The following are Pros and Cons in the approach with __invoke.



  • The main reason for __invoke usage proposal was elimination of unneeded execute methods, which look a bit artificial and redundant:


  • No autocomplete in PHP Storm IDE accessing via $this:
  • Unit tests look frustrating and non-intuitive:
  • We will mix approaches, as Magento still has other Service Contracts (Repositories) that cannot be used as Function Objects as they contain more than one method inside.


After completing a short survey with the Community, we decided to use execute method.



The rare exception from the rule of having single-method interfaces are Magento Repositories. Repository interfaces are usually provided to manage domain entities and methods listed inside these interfaces should follow next semantic:




But that is not a strict rule, and the list of the methods could be shorter if based on the business requirements particular entity doesn't have some of the operation(-s). It is important to notice here that list of the methods in the Repository interface could NOT be wider than methods mentioned above, as it is not recommended to add other methods with their own semantic to the Repository interface (those methods are recommended to be put into some dedicated Services).


In Magento 2, Repositories are considered as an implementation of Facade pattern which provides a simplified interface to a larger body of code responsible for Domain Entity management. The main intention is to make API more readable and reduce dependencies of business logic code on the inner workings of a module, since most code uses the facade, thus allowing more flexibility in developing the system.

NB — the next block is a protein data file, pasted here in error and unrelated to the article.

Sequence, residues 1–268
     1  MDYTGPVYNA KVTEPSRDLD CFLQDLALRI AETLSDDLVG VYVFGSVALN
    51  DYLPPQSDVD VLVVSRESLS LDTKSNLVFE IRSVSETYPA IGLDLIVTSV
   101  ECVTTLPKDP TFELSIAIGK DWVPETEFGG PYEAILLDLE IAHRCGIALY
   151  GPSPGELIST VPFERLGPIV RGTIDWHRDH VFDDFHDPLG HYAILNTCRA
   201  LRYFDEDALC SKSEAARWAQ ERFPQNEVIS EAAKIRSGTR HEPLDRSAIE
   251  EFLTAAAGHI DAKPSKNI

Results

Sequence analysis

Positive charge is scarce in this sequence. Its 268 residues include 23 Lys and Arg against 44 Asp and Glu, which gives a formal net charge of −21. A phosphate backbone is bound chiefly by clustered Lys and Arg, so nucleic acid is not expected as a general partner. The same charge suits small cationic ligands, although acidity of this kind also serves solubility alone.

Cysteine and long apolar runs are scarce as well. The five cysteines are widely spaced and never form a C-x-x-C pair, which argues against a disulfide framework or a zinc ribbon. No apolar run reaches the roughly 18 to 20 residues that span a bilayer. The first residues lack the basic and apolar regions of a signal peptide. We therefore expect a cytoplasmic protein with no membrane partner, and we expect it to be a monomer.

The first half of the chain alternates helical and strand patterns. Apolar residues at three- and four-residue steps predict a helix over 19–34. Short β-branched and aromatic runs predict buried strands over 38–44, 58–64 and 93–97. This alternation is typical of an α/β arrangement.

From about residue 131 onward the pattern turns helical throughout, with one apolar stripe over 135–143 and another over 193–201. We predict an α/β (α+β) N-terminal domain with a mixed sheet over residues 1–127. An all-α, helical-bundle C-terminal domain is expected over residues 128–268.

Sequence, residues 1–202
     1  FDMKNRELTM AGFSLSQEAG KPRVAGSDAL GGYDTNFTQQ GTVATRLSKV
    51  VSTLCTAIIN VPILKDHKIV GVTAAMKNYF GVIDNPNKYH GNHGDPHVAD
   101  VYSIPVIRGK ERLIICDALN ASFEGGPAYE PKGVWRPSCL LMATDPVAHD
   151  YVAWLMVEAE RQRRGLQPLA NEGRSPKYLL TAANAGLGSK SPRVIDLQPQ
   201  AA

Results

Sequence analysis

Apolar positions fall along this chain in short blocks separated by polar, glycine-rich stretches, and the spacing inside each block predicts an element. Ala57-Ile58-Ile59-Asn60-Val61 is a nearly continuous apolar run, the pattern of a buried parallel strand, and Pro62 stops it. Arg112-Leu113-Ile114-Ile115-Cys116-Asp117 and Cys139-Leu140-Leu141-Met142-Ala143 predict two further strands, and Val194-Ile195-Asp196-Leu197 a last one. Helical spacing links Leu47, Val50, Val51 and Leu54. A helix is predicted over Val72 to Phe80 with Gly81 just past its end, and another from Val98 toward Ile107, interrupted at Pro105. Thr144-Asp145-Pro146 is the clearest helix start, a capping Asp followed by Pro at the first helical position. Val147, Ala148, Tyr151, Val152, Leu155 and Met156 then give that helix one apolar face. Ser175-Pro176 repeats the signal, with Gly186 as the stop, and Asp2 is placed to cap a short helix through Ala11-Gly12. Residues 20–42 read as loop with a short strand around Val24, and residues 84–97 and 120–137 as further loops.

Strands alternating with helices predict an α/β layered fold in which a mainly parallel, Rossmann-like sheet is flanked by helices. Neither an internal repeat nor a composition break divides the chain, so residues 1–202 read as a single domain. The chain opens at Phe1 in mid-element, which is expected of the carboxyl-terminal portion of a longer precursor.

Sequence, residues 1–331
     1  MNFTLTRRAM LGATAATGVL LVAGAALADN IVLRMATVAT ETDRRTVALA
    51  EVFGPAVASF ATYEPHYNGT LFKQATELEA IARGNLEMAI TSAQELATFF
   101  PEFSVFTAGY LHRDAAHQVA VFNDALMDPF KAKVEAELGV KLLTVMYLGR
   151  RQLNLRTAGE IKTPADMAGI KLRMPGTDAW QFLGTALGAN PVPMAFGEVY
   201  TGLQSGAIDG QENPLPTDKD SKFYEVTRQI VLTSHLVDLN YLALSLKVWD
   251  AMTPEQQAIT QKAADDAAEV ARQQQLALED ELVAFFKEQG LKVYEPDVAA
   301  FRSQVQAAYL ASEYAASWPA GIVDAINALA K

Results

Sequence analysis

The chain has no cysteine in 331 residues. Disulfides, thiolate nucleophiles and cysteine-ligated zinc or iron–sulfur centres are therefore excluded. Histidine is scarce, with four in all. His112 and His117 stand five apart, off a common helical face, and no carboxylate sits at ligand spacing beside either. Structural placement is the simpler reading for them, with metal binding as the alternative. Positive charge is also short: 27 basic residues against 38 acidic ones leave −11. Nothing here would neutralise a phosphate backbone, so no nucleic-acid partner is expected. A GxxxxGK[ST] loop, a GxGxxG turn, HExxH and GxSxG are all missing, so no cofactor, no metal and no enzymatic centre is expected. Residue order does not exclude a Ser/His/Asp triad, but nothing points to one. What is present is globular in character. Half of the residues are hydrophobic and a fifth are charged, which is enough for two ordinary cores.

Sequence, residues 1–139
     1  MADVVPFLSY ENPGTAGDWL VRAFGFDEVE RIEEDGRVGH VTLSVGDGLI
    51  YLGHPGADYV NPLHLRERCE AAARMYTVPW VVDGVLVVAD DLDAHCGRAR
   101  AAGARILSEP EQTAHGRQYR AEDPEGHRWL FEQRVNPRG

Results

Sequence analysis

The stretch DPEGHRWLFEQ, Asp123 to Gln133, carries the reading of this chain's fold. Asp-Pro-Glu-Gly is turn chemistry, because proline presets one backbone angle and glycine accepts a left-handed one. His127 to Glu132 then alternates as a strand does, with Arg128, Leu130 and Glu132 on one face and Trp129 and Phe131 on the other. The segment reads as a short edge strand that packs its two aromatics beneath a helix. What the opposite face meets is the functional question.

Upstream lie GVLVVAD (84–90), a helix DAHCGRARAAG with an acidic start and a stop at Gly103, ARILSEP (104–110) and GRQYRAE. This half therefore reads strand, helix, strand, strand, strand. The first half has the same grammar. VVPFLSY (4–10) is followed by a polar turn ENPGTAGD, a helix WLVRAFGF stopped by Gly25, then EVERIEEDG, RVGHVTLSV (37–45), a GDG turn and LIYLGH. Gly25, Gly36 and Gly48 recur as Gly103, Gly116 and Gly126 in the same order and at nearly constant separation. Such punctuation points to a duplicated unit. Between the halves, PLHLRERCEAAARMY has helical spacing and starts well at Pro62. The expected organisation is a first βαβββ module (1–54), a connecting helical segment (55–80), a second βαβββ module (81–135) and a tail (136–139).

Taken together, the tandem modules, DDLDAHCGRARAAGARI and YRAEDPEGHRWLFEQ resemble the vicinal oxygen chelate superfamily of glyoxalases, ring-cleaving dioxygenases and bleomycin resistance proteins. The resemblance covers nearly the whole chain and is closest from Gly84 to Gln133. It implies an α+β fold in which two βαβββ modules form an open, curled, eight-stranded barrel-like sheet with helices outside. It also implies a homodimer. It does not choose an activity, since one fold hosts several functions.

But internally, Repository still proxies calls to dedicated command-services.



Each Service should follow the CQRS semantic and represent Command or Query, but not both.

  • Queries: Return a result and do not change the observable state of the system (are free of side effects).
  • Commands: Change the state of a system but do not return a value (return void).


More Information and Documentation

More examples of designing Service Contracts for Magento 2 could be found in the scope of Multi-Source Inventory (MSI) project. The project wiki provides information and discussions of the most interesting architectural changes implementing these best practices and Service Contracts.


We recommended reviewing the Magento Service Isolation design document which describes the Modularity approach being introduced to Magento codebase which would help to split the Monolith on independent and isolated set of Services. See DevDocs Service Contracts in the Technical Guidelines for development guidelines and requirement